Epic Journey: Tasmania
The moment is still; my movement is internal, as the tiny speaker in my phone sneaks into my consciousness pulling me from a land only known to myself. Its 2AM again and I have to go to work.
The following is a recollection of thoughts as I escape the chains of everyday life to experience a dream of my own, touring the Island of Tasmania on my 94’ Honda XR600 motorbike and Peter Daniels Pukas surfboard. The search for twisting pavement and clean lines is never easy, and so, the adventure ensues.
Prep was essential as it is before every ride. It’s essential to the trip that you makes sure all problems are addressed so that you maximize time spent exploring foreign landscapes instead of thumbing through old magazines in a greasy bike shop waiting room.
As I am one of the greatest procrastinators in the world I held off till the last night to change my oil, kick starter arm bearing, head light and sparkplugs. The art of working on a bike helps you understand your machine, and will make it easier to solve issues that pop up along the ride, trust me I’ve had a few. And if you’ve ventured further then your local coffee shop on your bike then I suspect you know what I’m talking about.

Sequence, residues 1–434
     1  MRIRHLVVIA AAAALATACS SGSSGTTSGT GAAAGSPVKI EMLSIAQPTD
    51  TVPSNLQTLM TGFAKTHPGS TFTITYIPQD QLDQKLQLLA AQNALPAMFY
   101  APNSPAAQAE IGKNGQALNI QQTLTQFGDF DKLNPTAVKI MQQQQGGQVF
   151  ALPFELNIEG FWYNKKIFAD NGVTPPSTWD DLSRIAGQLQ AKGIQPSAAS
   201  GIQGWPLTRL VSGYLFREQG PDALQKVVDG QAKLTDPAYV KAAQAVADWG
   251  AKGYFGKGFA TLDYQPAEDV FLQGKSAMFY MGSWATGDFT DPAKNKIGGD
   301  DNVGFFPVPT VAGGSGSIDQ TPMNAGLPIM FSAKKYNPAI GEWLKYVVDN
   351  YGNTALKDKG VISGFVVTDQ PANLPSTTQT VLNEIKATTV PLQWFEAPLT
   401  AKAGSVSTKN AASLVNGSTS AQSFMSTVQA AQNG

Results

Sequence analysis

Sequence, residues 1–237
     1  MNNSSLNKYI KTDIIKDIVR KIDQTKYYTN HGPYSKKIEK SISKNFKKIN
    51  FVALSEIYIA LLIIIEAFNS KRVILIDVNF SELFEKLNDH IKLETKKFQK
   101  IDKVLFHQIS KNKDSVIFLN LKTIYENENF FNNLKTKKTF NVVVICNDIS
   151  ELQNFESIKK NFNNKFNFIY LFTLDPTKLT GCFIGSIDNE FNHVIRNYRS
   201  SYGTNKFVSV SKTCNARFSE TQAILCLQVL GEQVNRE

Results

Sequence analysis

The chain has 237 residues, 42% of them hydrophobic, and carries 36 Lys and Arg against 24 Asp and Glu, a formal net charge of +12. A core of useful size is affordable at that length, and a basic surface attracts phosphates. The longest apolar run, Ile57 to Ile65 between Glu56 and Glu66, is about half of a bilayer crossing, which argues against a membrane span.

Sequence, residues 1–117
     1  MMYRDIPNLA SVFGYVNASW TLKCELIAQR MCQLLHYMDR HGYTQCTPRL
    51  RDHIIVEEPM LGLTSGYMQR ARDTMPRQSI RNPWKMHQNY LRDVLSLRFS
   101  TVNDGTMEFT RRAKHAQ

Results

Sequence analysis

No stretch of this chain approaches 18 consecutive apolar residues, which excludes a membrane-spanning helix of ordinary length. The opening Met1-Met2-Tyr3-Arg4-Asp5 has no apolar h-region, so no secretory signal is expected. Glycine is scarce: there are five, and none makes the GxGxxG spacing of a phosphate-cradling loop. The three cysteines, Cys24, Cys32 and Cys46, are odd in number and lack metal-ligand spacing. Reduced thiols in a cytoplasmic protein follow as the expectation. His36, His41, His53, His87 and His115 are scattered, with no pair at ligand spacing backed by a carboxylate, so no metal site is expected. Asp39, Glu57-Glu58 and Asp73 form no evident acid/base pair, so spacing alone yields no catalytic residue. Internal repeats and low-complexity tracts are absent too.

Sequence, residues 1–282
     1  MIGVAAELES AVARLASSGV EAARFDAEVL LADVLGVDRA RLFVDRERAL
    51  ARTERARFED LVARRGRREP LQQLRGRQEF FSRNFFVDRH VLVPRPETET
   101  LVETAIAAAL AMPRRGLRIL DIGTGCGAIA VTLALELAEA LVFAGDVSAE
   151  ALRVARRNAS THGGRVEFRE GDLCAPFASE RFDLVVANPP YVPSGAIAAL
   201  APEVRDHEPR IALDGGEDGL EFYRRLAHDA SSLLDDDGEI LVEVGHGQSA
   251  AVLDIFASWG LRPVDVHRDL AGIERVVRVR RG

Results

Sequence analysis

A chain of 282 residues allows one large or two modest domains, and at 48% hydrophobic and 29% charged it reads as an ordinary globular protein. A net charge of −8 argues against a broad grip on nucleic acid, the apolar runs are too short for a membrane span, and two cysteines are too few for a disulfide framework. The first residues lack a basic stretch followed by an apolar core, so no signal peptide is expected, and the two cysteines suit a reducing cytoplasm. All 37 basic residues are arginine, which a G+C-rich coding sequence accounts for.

Living in the state of Victoria on the south east coast of Oz in a small town named Anglesea I began my journey. First with an hour ride into the colorful city of Melbourne to catch a considerable sized ferry to the island. Vehicles and bikes of all types filled the belly of the “ship”(just a heads up, do not refer to the Spirit of Tasmania as a boat… I was snubbed at and treated differently after that mistake).
The voyage from Melbourne to Devonport takes 11 hours and departs two times a day, of which I chose the overnight cruise with a cabin. As I laid my head down for the night the soft swell rolling through the Bass Strait gently rocked me to sleep as the Spirit carried me into my dream.